Physical Examination

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The blood pressure should be measured with a cuff of the appropriate size for the patient. The width of the inflatable portion of the cuff should be about 40 percent of the circumference of the limb and the length of the inflatable portion should equal 80 percent of the limb's circumference. Using a cuff that is too short or narrow or too loose may cause falsely high readings. The blood pressure should be measured at least twice if the first value is elevated (SBP of more than 140 mmHg or DBP of more than 90 mmHg). For severe elevation, measure pressure in both arms and legs, and palpate pulses in all extremities. In adults, a differential in brachial systolic pressures of more than 20 mmHg may indicate the presence of aortic coarctation, aneurysm, or dissection.

Focus the physical examination on the detection of target-organ damage and determine the acuity. Neurologic examinations that reveal focal findings or mental status changes may indicate hypertensive encephalopathy, subarachnoid hemorrhage, or stroke. A careful funduscopic examination may reveal acute changes such as hemorrhages, cotton-wool exudates, or disk or retinal edema (grade III or IV retinopathy). Alternatively, grade II retinopathy suggests chronic uncontrolled hypertension. Hyperreflexia with peripheral edema in a pregnant woman is suggestive of preeclampsia. This physical finding may also be found in elderly patients with multiple small ischemic strokes (lacunes).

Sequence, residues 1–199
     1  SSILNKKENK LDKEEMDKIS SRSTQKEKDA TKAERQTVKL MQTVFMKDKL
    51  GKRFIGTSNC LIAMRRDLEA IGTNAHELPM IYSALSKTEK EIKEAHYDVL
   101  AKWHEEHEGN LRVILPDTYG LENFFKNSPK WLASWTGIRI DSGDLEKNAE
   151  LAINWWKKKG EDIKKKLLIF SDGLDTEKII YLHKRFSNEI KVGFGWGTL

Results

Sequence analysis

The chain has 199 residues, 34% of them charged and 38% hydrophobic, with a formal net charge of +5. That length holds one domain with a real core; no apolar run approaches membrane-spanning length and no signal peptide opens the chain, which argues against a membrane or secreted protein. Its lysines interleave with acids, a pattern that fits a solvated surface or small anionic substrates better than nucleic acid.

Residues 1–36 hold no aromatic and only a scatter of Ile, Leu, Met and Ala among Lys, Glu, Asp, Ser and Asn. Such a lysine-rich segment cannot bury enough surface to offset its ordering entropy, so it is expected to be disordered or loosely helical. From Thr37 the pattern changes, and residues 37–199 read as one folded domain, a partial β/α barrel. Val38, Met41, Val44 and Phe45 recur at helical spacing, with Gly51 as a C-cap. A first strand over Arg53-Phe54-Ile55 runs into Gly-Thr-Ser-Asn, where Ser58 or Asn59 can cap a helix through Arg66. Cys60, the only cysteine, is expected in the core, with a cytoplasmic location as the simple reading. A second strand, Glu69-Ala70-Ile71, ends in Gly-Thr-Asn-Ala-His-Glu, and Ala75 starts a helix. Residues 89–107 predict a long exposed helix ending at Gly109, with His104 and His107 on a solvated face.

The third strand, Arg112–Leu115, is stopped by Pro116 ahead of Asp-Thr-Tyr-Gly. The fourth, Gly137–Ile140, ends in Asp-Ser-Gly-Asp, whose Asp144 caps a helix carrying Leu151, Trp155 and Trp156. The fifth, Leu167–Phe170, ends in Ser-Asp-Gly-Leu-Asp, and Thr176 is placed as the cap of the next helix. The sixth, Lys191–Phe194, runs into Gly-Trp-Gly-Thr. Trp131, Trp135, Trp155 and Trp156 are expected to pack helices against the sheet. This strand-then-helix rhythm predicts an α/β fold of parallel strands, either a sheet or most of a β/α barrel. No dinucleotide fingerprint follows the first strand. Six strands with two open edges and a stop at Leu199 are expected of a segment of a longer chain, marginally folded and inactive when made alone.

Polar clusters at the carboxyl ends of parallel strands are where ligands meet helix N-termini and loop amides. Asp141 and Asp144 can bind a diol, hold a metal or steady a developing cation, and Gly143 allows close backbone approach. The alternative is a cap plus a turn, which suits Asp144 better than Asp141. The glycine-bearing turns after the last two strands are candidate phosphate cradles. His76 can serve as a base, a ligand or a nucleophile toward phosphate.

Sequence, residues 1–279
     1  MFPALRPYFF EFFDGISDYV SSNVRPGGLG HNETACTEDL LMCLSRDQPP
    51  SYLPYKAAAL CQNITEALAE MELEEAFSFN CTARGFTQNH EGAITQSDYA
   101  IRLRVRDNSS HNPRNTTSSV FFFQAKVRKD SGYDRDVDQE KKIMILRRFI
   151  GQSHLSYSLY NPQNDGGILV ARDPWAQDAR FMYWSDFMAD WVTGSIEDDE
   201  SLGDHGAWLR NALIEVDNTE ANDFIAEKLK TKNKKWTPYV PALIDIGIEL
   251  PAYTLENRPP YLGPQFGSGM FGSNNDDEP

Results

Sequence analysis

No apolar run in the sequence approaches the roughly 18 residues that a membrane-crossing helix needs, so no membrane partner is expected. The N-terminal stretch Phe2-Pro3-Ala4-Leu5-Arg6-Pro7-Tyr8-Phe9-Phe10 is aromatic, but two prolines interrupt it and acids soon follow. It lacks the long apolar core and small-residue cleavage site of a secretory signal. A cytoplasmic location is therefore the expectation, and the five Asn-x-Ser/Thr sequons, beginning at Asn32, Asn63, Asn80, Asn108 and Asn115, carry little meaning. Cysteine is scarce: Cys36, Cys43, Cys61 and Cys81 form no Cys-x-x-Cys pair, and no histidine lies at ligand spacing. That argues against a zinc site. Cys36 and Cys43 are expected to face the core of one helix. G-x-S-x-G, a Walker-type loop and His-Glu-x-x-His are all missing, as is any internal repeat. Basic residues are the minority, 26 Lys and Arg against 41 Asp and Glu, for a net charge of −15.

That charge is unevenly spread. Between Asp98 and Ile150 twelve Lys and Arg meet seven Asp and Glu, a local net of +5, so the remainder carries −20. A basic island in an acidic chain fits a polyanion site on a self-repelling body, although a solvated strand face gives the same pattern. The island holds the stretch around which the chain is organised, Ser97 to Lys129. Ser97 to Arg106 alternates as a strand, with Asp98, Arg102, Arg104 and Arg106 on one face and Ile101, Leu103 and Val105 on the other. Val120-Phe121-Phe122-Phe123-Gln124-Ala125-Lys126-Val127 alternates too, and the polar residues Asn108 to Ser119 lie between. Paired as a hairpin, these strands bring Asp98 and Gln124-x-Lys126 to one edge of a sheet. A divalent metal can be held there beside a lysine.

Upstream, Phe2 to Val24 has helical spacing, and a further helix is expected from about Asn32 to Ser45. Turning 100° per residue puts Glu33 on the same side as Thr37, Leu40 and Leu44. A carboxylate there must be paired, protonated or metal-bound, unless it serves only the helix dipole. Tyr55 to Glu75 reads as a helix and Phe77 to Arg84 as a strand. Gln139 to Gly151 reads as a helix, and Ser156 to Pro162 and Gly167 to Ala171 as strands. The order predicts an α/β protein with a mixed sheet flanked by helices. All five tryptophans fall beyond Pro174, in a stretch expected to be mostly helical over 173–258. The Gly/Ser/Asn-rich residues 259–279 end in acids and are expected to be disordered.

On cardiovascular examination, auscultate for carotid bruits, murmurs, third and fourth heart sounds (S 3 and S4), and a pericardial rub. An S3 occurs in association with ventricular failure (either right or left), whereas an S 4 occurs when there is left ventricular hypertrophy and a noncompliant left ventricle. A right-sided S 4 may be heard with coexisting pulmonary hypertension. Left-sided congestive heart failure is associated with unexplained tachycardia as an early finding and pulmonary rales as a late finding. Diminished extremity pulses may be found in patients with coarctation of the aorta or aortic dissection. The abdomen should be examined for a bruit and a palpable pulsatile mass that may indicate the presence of an abdominal aortic aneurysm.1

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